Zhehan Jiang, William Skorupski
In many behavioral research areas, multivariate generalizability theory (mG theory) has been typically used to investigate the reliability of certain multidimensional assessments. However, traditional mG-theory estimation-namely, using frequentist approaches-has limits, leading researchers to fail to take full advantage of the information that mG theory can offer regarding the reliability of measurements. Alternatively, Bayesian methods provide more information than frequentist approaches can offer. This article presents instructional guidelines on how to implement mG-theory analyses in a Bayesian framework; in particular, BUGS code is presented to fit commonly seen designs from mG theory, including single-facet designs, two-facet crossed designs, and two-facet nested designs...
December 12, 2017: Behavior Research Methods
Jonathan M Adler
OBJECTIVE: Personality psychology has largely ignored the experiences of people with disabilities. This paper strives to bring the thriving, interdisciplinary field of disability studies to personality psychology via a case study of Samantha (N=1). Samantha feels that she grew up as a hearing person who could not hear and is now a deaf person who can hear. METHOD: Narrative identity provides the theoretical, methodological, and analytical framework for the rich, qualitative examination of Samantha's life story, interwoven with approaches from disability studies and intersectionality theory...
December 9, 2017: Journal of Personality
Jarrod Blinch, Youngdeok Kim, Romeo Chua
A powerful tool in motor behavior research is trajectory analysis of discrete goal-directed pointing movements. The purpose of the present analysis was to estimate the minimum number of trials per participant required to achieve the conventional level of reliability for trajectory analysis. We analyzed basic measurements of movement and three common methods of trajectory analysis within the framework of generalizability theory. Generalizability studies were used to decompose the total variance of these variables into the percent contributions from person, trial, and the person-by-trial interaction...
December 7, 2017: Behavior Research Methods
Marco Maselli, Erica Gobbi, Attilio Carraro
BACKGROUND: Physical activity (PA) promotion among university students is important to contribute to a lifelong healthy lifestyle. Nevertheless, research in the field is still limited in quantity, quality and generalizability. This study aimed at evaluating the effectiveness of two individual-based strategies for promoting PA among university students in such university contexts where course-based interventions are difficult to implement. METHOD: Thirty-three university students were recruited by means of face-to-face interviews and randomly assigned to three groups...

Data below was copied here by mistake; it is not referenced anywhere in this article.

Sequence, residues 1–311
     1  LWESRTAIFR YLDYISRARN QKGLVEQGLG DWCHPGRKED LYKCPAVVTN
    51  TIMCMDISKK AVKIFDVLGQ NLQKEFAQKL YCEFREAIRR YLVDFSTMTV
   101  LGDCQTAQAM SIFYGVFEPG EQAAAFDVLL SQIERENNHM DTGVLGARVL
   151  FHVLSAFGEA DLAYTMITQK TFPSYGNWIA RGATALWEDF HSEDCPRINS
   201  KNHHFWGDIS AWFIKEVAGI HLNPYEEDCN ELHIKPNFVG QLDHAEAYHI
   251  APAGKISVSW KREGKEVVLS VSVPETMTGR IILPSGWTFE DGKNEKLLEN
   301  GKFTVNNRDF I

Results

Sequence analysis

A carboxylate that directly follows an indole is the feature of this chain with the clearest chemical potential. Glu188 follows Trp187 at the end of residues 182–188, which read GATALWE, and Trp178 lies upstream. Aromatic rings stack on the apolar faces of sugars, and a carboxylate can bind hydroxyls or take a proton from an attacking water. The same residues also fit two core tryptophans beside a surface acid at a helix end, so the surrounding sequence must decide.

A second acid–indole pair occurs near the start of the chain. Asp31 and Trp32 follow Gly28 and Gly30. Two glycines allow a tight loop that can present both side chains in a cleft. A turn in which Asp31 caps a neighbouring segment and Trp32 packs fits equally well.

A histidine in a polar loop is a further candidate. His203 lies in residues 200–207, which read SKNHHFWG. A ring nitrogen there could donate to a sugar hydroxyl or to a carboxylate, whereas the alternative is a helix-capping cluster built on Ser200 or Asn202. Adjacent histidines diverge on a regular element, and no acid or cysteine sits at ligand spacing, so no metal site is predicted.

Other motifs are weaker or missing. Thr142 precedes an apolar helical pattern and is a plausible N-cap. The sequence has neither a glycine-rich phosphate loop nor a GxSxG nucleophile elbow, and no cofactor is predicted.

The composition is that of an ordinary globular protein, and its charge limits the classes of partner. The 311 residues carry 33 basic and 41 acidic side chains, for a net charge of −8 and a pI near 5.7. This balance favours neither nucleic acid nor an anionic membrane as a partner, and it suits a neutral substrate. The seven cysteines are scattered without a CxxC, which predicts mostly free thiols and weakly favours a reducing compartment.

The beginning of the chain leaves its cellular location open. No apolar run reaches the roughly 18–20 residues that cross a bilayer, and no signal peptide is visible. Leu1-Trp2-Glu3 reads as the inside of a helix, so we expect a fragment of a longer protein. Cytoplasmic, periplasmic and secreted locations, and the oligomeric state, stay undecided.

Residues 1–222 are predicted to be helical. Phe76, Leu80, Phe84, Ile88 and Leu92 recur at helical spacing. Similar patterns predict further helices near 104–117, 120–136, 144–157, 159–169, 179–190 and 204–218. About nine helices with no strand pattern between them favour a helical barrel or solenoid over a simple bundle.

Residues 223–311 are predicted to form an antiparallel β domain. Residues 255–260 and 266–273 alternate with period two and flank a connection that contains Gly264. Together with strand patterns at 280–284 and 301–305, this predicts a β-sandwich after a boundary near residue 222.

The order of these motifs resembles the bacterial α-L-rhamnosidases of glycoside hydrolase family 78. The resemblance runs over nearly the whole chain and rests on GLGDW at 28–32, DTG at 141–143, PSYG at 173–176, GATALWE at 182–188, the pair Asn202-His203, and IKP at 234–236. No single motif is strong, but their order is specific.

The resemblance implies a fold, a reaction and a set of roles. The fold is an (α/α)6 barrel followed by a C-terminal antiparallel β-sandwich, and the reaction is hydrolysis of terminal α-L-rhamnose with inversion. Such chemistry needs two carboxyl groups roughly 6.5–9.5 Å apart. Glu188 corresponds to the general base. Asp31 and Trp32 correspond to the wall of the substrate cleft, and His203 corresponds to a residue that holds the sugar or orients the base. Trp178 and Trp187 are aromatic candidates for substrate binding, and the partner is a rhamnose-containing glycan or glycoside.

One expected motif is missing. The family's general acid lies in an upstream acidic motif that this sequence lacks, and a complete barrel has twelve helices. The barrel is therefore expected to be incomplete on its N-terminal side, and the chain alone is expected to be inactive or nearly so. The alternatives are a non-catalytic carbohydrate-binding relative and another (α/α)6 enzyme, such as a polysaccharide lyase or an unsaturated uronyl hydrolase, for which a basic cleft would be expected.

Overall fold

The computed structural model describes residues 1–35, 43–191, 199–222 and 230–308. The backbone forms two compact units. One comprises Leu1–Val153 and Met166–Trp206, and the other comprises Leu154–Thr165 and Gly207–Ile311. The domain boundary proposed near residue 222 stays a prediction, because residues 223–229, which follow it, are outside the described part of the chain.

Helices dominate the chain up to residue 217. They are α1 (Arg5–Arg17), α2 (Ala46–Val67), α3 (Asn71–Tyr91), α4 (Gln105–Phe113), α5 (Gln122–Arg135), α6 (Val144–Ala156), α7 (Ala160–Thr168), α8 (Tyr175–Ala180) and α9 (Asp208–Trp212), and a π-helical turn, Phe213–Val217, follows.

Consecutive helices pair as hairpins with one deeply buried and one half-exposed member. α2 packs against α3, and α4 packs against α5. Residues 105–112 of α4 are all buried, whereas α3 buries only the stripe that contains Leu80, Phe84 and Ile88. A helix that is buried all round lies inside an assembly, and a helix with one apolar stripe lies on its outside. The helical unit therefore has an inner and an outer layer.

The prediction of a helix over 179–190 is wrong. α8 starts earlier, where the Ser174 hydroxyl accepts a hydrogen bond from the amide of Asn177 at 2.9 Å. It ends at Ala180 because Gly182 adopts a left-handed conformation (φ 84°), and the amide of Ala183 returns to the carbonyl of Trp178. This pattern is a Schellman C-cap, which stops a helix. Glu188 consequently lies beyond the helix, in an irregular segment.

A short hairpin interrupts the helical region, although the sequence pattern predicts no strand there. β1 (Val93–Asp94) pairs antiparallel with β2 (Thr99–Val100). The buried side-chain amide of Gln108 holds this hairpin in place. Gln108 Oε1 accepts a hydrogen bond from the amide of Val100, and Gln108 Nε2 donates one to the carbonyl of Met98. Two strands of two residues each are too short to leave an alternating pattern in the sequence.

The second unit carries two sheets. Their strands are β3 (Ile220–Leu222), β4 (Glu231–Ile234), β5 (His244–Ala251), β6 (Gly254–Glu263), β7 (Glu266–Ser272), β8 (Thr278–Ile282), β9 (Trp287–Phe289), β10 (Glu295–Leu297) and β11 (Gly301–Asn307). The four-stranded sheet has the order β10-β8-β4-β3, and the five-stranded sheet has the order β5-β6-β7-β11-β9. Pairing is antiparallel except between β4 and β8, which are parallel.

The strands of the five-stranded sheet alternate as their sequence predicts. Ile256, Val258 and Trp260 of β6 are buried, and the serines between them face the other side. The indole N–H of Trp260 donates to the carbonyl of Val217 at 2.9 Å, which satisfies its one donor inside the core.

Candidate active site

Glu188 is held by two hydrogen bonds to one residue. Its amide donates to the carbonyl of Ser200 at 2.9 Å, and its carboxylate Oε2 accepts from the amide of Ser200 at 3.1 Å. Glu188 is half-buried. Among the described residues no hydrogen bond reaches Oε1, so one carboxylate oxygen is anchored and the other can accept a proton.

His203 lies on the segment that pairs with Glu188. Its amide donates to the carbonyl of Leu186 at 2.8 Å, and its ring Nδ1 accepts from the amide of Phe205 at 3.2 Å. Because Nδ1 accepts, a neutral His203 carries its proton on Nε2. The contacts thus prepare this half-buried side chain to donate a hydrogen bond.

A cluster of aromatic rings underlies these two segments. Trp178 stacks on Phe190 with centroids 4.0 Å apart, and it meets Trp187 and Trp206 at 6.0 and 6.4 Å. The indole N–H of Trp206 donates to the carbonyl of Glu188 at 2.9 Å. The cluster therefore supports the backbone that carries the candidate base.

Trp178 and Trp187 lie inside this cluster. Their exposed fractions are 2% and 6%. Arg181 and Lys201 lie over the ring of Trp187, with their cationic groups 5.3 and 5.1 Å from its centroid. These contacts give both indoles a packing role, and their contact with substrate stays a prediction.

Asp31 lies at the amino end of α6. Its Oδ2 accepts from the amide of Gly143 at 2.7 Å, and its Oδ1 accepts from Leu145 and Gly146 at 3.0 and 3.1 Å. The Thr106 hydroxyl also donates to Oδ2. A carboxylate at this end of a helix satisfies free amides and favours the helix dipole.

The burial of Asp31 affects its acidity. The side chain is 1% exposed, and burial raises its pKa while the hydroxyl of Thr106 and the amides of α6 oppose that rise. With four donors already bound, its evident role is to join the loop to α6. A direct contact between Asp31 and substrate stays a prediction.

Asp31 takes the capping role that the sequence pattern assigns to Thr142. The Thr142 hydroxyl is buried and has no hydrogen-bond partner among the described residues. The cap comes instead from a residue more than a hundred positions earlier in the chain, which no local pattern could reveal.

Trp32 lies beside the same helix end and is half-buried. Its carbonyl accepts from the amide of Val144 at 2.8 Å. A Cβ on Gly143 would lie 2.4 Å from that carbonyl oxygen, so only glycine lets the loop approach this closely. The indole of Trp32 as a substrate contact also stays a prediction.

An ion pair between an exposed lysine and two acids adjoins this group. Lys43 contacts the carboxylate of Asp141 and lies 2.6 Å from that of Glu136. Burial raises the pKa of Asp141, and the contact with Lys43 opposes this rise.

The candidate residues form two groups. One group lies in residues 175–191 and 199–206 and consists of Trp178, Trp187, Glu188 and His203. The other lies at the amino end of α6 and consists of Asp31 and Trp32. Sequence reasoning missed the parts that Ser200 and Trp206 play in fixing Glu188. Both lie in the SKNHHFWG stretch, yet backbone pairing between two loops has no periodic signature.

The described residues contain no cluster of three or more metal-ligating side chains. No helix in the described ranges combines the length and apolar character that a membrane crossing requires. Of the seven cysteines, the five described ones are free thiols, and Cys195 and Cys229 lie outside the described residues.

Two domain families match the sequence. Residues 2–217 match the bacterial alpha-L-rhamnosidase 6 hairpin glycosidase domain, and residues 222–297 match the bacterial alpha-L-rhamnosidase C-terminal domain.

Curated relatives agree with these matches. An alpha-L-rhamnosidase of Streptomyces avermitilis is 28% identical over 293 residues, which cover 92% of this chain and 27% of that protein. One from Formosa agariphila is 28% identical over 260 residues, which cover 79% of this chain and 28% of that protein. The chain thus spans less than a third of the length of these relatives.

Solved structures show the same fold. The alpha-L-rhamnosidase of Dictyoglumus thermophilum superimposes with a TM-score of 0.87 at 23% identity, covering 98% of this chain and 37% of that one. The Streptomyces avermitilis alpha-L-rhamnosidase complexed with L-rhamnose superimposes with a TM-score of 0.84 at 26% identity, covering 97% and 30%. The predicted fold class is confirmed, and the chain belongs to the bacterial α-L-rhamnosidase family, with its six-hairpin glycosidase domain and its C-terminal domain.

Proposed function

December 1, 2017: Journal of Sports Medicine and Physical Fitness
Rahul Maitra, Takahito Nakajima
We present an accurate single reference coupled cluster theory in which the conventional Fock operator matrix is suitably dressed to simulate the effect of triple and higher excitations within a singles and doubles framework. The dressing thus invoked originates from a second-order perturbative approximation of a similarity transformed Hamiltonian and induces higher rank excitations through local renormalization of individual occupied and unoccupied orbital lines. Such a dressing is able to recover a significant amount of correlation effects beyond singles and doubles approximation, but only with an economic n5 additional cost...
November 28, 2017: Journal of Chemical Physics
Janis Paterson, Oleg N Medvedev, Alexander Sumich, El-Shadan Tautolo, Christian U Krägeloh, Rose Sisk, Robert K McNamara, Michael Berk, Ajit Narayanan, Richard J Siegert
BACKGROUND: The distinction between temporary versus enduring or state/trait aspects of depression is important. More precise distinction would improve understanding of the aetiology of depression and those aspects most amenable to intervention thus identifying more homogeneous, dynamic targets for clinical trials. Generalizability Theory has been proposed as useful for disentangling state and trait components of psychopathology. METHODS: We applied Generalizability Theory to determine the relative contributions of temporary and enduring aspects of depression in a widely used screening measure of depression the - 10-item Children's Depression Inventory (CDI-10; Kovacs, 1985)...
November 16, 2017: Journal of Affective Disorders
Lauren M Schaefer, Natasha L Burke, Rachel M Calogero, Jessie E Menzel, Ross Krawczyk, J Kevin Thompson
Objectification theory asserts that self-objectification, which manifests as self-surveillance, leads to increased body shame and subsequent eating pathology. Although evidence supports the core mediational model, the majority of this work utilizes primarily White samples, limiting generalizability to other ethnic groups. The current study examined whether the core tenets of objectification theory generalize to Black and Hispanic women. Participants were 880 college women from the United States (71.7% White, 15...
November 21, 2017: Body Image